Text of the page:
So, we're there, and so are about 30 of the local high school teenagers; mostly girls, but a fair number of guys, too. Of course, everytime something scary happened, all of the girls screamed. It was kind of funny at first, especially because every one of them screamed at exactly the same pitch. After a while, though, they all started screaming just to do it. After screaming, they'd all laugh and giggle about it.

My wife and I were really trying to get into the movie (because it's a great movie), but the three girls who were instigating everything were sitting right in front of us. Finally, I had enough. After one particularly scary part of the movie, the girls started screaming and then - just as they started to laugh about it - I crossed my legs. Except, instead of just resting one of my legs on the other, I hauled off and kicked the back of the chair in front of me as hard as I could.

Of course, all three of them jumped out of their seats. They turned around and looked at me with this shocked look on their face, and all I had to say was, "Sorry. That won't happen again… Right?"

They, and in turn, the rest of the theatre, was much quieter after that.

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Postby CubsFan7724 » Fri Aug 19, 2005 12:54 pm

Anytime a girl screams at a movie is just for the sake of doing it, not because they are scared. Pisses me off everytime, makes me want to start delivering dragon kicks and the "Kung Fu Special".
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Postby LooseCannon » Fri Aug 19, 2005 12:58 pm

CubsFan7724 wrote:Anytime a girl screams at a movie is just for the sake of doing it, not because they are scared. Pisses me off everytime, makes me want to start delivering dragon kicks and the "Kung Fu Special".



I hear you....you can't get away from it...I'm at the ocean and no matter where I go and how far I go out I hear these girls that scream at EVERY tiny little wave rolling into the shore where they are standing... Drives me up a frckin' wall..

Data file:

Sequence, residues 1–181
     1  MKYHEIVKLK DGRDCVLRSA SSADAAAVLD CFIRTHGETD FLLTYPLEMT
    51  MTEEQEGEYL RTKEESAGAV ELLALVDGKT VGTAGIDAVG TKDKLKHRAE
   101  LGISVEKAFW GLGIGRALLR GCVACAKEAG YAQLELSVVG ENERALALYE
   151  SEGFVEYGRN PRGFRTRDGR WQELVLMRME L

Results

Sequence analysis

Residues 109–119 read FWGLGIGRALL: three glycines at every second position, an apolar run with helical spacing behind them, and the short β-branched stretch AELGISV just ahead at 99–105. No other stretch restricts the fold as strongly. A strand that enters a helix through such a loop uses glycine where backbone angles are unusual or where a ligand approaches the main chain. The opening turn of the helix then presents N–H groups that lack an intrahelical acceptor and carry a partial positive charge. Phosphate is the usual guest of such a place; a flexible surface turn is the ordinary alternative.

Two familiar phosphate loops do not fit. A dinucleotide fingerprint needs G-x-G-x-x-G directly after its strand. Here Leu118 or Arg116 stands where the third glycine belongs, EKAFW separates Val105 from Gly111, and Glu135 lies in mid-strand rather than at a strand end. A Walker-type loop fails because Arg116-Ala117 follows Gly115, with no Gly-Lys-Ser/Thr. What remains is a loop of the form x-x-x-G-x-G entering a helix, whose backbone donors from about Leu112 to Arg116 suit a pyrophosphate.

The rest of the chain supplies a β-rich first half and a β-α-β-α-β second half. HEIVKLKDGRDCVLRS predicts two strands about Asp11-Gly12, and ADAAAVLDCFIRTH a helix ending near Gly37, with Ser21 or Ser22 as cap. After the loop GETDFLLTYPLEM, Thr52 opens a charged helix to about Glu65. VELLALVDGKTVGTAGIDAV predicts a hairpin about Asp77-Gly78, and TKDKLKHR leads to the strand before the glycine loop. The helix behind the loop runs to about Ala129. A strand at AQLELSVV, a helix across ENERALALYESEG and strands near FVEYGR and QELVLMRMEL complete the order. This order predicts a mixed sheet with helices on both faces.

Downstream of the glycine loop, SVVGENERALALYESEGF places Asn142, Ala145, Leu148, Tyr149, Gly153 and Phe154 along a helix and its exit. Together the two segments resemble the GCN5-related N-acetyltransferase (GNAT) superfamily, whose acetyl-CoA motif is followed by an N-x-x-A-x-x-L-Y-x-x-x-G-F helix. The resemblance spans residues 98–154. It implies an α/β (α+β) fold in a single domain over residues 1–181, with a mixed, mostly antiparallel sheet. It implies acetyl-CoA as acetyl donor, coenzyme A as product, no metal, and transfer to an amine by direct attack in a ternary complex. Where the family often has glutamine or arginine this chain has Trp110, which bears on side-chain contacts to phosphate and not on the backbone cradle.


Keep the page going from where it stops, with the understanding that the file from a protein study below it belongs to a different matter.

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Postby Mookie4ever » Fri Aug 19, 2005 1:01 pm

WharfRat wrote:OK, you're obviously exaggerating a little bit here. If you can actually show me a link to a real story from a real newspaper that takes an approach you described, I might change my tune. I see your point though, and I think you're way off. Are reporters machines? No. They write their stories the way they perceive them, and different reporters would handle a single story differently. But that's a far cry from bias. So in your experience, what have they lied about?


I'm not exaggerating. If you want examples just look at the coverage of Barry and Dusty Baker. You have heard that there are lies, damned lies and statistics right? Some reporters are the same way, what they report may be factually correct but because of the spin and omissions and slant they do not tell the entire story.

I can't tell you anything from my personal experience. One of them turned into a defammation lawsuit and a few of them were threatened lawsuits.

I take it that you are either a journalist or a journalism student. I don't mean to be offensive but I think that you still have your rose coloured glasses on. On the other hand I am particularly jaded and cynical. The reality is probably somewhere in the middle. It always is.